Types of Vaccines
Currently, there are two types of COVID-19 vaccines that are authorized for emergency use in the United States. None of these vaccines can give you COVID-19 because they do not contain any live COVID virus.
mRNA vaccines contain material from the virus that causes COVID-19 that gives our cells instructions for how to make a harmless protein that is unique to the virus. After our cells make copies of the protein, they destroy the genetic material from the vaccine. Our bodies recognize that the protein should not be there and build cells that will remember how to fight the virus that causes COVID-19 if we are infected in the future. (Moderna, Pfizer- BioNTech)
Vector vaccines contain a weakened version of a live virus—a different virus than the one that causes COVID-19—that has genetic material from the virus that causes COVID-19 inserted in it (this is called a viral vector). Once the viral vector is inside our cells, the genetic material gives cells instructions to make a protein that is unique to the virus that causes COVID-19. Using these instructions, our cells make copies of the protein. This prompts our bodies to build cells that will remember how to fight that virus if we are infected in the future. (Johnson and Johnson)
How the Vector COVID-19 Vaccines Work – Trinity Health
Most COVID-19 Vaccines Require More Than One Shot
All but one of the COVID-19 vaccines that are currently authorized for emergency use in the United States use two shots. The first shot starts building protection. A second shot a few weeks later is needed to get the most protection the vaccine has to offer. One vaccine (Johnson and Johnson) only needs one shot to provide protection.
The Bottom Line
Getting vaccinated is one of many steps you can take to protect yourself and others from COVID-19. Protection from COVID-19 is critically important because for some people, it can cause severe illness or death. All vaccines have been proven to prevent serious illness, hospitalization and death. It doesn’t matter which vaccine you get, just get vaccinated when it is your turn.
Stopping a pandemic requires using all the tools available. Vaccines work with your immune system so your body will be ready to fight the virus if you are exposed. Other steps, like masks and physical distancing, help reduce your chance of being exposed to the virus or spreading it to others. Together, COVID-19 vaccination and following CDC’s recommendations to protect yourself and others will offer the best protection from COVID-19.
Learn more and read frequently asked questions about the COVID-19 vaccination.
nearly half of adults in the United States have high blood pressure, it’s a term
we hear frequently, but what is it exactly? High Blood Pressure or Hypertension
is when the force of blood pushing against the walls of your arteries is consistently
too high. When left untreated, hypertension puts you at risk for heart disease and
stroke. It’s normal for our blood pressure to rise and fall throughout the day,
but when it stays high for long periods of time your heart can be damaged leading
to health problems or even death. The good news is, there several steps you can
take to manage hypertension and live a healthy life!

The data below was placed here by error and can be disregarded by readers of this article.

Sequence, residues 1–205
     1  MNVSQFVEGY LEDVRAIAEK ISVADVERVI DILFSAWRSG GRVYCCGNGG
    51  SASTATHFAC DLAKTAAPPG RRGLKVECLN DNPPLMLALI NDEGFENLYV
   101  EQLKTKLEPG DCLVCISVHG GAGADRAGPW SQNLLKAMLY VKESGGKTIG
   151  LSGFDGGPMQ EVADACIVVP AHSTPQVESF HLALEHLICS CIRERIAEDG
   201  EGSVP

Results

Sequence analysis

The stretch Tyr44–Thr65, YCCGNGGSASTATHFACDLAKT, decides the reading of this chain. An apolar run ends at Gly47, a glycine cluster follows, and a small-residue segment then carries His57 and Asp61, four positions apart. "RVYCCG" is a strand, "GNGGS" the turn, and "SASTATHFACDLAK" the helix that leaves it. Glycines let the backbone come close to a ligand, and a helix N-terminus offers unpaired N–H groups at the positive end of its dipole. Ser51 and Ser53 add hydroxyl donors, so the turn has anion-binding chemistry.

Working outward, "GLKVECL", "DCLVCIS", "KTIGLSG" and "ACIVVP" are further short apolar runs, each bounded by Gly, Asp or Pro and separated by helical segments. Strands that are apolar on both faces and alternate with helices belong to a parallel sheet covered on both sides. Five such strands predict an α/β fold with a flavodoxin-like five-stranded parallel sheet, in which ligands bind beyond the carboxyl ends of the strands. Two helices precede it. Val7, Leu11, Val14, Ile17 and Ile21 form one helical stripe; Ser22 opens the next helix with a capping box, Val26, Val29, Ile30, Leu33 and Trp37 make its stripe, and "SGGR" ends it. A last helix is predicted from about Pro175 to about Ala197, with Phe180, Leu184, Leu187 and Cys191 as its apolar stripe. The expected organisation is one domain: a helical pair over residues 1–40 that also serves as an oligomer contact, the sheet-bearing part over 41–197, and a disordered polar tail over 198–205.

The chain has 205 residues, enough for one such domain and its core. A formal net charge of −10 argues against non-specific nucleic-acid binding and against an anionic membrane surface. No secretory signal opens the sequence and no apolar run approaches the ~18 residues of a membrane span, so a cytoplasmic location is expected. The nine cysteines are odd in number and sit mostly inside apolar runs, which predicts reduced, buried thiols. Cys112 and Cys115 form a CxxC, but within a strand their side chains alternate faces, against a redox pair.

should do this today. Smoking is harmful for many reasons and we encourage all patients
who are smokers to quit immediately. It’s often easier said than done, so check
with your provider for some strategies to ensure you quit smoking for good.
activity strengthens your heart, and a stronger heart can pump more blood with
less effort, thus decreasing the force on your arteries and lowering your blood
pressure. For some patients, exercise lowered blood pressure enough to quit
taking medication. Daily exercise can also prevent hypertension as you grow
older. If you are implementing a new exercise routine, or starting to exercise for
the first time, be sure to chat with your doctor before you begin.
Eat a Heart Healthy Diet.
In other words: put down the salt shaker! Incorporating the DASH Diet (Dietary Approaches to Stop Hypertension) into your daily life can have a big impact on not just hypertension, but your health overall.
Eat more vegetables and fruit
Eat less foods that are high in saturated fat, cholesterol and trans fats
Eat more whole grains, fish, poultry and nuts
East less sodium, sugar and red meats
itself is pretty simple but following it can be a challenge. Try making small
changes at first and ease your way into a new diet. Add a serving of vegetables
at lunch and dinner, choose fruit, plain popcorn or low-fat yogurt as your
afternoon snack, switch to low-fat dairy products, limit how much butter, salad
dressing or other condiments you use, and if you don’t know already, learn to
read food nutrition labels and choose low sodium foods.
Take Your Medications.
not be able to manage you high blood pressure with diet and exercise alone, but
there are medications that can help you reach your blood pressure goal. Talk
with your doctor about the right approach for you. They will know when it’s
time to work medications into your routine. Once you are prescribed a
medication for high blood pressure, it’s important to take it exactly as directed.
If you are not able to follow your physician’s instructions, be sure to discuss
your options at your next appointment. Don’t make changes to your treatment
without guidance from your doctor.
Monitor Your Blood Pressure at Home.